Learn How To Apply For Unemployment Claims With Our Guide

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Unlawful termination in Louisiana occurs when an employer fires an employee for an illegal reason. Being wrongfully terminated means an employee was let go unlawfully and the action is punishable by federal or state law.

Employees should know what is wrongful termination in Louisiana, so they are aware of their rights and can properly file a legal case against their former employer. Workers wrongfully fired from jobs can seek justice for damages caused by a wrongful dismissal.

Being wrongfully fired can bring an employee emotional and financial distress. Employees wrongfully terminated from jobs can file a legal case against their former employer and possibly pursue a lawsuit for compensation.

Workers should review the following comprehensive sections on wrongful termination in Louisiana to find out what to do in the event of a wrongful dismissal.

Louisiana Unemployment Resources

Types of Illegal Termination in Louisiana

There are many types of illegal firings that courts consider termination without just cause. These types of unlawful terminations are illegal by either federal or state law and can motivate an employee to take legal action.

Discriminatory types of illegal terminations in Louisiana include firing an employee due to age, race, sex or disability. Federal law sets these types of illegal dismissal of employment and employers can face legal persecution if they fire an employee under these terms.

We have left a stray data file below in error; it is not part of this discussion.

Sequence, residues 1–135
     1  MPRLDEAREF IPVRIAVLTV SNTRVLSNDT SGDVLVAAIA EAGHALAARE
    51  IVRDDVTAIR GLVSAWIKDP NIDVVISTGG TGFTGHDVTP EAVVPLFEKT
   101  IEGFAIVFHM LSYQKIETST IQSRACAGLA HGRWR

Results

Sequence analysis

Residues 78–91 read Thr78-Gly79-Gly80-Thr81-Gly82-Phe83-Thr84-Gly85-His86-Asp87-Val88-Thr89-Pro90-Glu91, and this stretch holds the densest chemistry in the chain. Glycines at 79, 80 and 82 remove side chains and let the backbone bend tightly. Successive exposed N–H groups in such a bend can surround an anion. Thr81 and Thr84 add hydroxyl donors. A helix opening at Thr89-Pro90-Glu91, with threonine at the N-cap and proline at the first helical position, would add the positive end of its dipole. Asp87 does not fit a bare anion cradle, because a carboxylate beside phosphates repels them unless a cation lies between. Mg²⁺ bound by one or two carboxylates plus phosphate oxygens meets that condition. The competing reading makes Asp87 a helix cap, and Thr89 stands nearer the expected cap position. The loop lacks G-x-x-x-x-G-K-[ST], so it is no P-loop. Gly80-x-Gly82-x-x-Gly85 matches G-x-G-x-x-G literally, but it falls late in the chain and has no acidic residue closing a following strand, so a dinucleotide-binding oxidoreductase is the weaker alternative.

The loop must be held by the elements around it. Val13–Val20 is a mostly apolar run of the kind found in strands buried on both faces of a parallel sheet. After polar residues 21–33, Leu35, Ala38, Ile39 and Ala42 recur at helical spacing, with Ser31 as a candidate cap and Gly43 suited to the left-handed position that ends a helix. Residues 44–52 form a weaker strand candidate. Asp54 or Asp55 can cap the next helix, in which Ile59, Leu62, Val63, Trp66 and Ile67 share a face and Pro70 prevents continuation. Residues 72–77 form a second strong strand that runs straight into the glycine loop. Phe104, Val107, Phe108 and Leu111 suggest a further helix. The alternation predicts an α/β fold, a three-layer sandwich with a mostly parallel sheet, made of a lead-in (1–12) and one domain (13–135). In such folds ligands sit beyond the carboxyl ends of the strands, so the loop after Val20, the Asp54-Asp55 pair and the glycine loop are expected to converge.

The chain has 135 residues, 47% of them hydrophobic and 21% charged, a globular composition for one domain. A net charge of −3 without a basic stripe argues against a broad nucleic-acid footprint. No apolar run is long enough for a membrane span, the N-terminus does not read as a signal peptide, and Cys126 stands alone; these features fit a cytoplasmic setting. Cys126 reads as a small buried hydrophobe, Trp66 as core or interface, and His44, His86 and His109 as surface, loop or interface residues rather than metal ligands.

If an employee experiences one of these types of illegal termination of employment, he or she may want to take legal action and file a claim against their former employer. These types of unlawful terminations in Louisiana should be brought to court by the employee seeking legal justice.

Types of legal firing exist in Louisiana, and it is important that employees are aware of these methods upon employment. Legal reasons for terminating employees in Louisiana may be frustrating to employees, but they are not a valid reason to pursue a legal case or lawsuit.

Types of legal dismissal of employment include poor job performance, the end of an employment contract, company layoffs or the closing of the business. Employees should review the types of legal termination in Louisiana to be aware of their rights.

Any of the types of legal termination of employment are not grounds for employees to take legal action against their former employers.

At-Will Employment Exceptions In Louisiana

Employees wondering, “Is Louisiana an at-will state?” should know that the state permits at-will relationships. “What is employment at-will?” is a question that many Louisiana employees have. Apart from the exceptions to at-will employment, at-will employment involves a contract between an employer and employer that either party can terminate for legal reasons at any time. Exceptions to at-will employment can include:

  • The public-policy exception that inhibits employers from firing for a reason that violates public policy, such as termination after filing a worker’s compensation claim.